The often tense relationship between Education Minister Anne Tolley and secondary school teachers had a respite today when the minister announced plans to reduce teacher workloads.
At a Post Primary Teachers Association (PPTA) conference in Wellington this afternoon, Mrs Tolley said a requirement for 10 per cent of internally assessed student work to be submitted for moderation would be removed from next year.
About 154,000 units of student work had been moderated this year, and the changes would drop that number to about 100,000, Mrs Tolley told the conference.
"Reducing the number of samples of student work requested from schools will contribute to a reduction in the teacher workload associated with the delivery of NCEA and increase the time available for NZQA moderators to support teachers."
Mrs Tolley also said fees would be waived for moderation workshops in 2012, and that a further 1420 places would be made available for teachers to attend the workshops.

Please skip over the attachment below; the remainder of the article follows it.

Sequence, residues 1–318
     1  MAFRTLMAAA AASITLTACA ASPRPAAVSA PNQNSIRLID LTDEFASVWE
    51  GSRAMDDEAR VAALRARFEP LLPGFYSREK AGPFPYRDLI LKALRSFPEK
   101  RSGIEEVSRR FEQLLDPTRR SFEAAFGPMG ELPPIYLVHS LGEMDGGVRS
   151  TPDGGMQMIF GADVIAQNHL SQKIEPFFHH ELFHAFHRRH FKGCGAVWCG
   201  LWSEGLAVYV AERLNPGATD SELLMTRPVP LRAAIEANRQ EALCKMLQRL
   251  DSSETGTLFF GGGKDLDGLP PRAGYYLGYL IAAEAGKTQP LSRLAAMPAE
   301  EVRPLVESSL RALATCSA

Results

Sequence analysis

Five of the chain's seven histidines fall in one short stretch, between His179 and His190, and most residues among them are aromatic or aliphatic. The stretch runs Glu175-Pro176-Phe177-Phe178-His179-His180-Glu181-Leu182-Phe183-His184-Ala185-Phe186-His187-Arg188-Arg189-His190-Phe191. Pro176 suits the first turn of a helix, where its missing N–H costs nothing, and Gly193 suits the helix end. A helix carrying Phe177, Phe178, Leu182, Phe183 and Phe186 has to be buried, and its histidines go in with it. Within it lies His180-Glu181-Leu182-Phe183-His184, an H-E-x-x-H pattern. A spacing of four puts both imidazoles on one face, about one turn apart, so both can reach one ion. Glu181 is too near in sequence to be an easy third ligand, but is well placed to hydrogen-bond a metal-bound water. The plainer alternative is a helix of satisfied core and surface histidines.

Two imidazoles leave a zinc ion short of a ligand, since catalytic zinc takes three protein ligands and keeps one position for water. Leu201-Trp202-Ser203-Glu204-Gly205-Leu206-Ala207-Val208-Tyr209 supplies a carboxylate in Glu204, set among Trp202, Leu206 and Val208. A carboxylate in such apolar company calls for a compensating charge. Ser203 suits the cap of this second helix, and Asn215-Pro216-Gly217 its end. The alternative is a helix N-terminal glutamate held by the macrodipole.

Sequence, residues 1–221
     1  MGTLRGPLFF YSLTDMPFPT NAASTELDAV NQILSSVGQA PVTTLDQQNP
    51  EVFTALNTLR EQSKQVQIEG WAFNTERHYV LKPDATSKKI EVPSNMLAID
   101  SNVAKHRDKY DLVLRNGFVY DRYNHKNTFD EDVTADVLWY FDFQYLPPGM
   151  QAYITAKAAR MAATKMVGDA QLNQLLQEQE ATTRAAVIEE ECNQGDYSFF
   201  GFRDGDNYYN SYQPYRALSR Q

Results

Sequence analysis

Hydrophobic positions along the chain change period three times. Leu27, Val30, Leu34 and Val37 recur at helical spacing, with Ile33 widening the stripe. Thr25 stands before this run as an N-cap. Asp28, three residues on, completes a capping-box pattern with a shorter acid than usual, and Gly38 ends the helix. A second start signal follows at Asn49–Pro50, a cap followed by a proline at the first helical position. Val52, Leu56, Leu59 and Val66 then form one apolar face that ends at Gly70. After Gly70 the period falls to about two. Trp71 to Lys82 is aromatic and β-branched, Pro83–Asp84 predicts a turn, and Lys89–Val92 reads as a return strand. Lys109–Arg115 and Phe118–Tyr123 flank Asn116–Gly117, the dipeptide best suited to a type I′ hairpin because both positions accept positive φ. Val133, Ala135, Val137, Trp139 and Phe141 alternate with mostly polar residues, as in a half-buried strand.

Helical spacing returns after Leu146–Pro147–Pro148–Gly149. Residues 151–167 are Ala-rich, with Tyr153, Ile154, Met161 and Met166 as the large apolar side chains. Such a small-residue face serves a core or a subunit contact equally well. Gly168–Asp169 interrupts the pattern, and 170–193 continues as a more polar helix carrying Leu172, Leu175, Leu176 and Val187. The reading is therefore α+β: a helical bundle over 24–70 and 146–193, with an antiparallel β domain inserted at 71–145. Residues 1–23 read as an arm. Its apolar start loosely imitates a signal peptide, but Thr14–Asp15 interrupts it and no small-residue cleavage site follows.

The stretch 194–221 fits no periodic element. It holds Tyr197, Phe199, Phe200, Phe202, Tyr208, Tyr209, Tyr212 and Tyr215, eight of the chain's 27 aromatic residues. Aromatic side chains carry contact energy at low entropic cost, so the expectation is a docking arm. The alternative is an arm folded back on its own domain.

The announcements were greeted with applause from the delegates, and appeared to ease some of the usual strain between the union and Government.
President Robin Duff said there were always going to be differences between government policy and the union, but that there had been positive signs in Mrs Tolley's address.
"We don't always see eye to eye, in fact very often we don't see eye to eye at all," Mr Duff said.
"But we always like to maintain, through all political parties and governments, at least a reasonably pleasant relating and positive discussion situation, and I think today suggested that there were some good things to come from that approach."
The changes to the moderation process were likely to make a significant difference for teachers, Mr Duff said.
"It's been very nice to have her acknowledging that there are some issues associated with NCEA in particular, and the implementation that have been carried through."
However, there were other areas where the union continued to have concerns, particularly around class sizes, which it has been fighting to reduce for years.
Mr Duff said the benefits of smaller classes were obvious, but the added staffing costs meant the Government was not enthusiastic about addressing the situation.
"We'll keep working on that ... we'll hope to at least assemble some more evidence to convince with good argument rather than just by noise."
Another point of contention raised at the conference was the issue of current system of quarterly funding, which Mrs Tolley said she had no plans to change.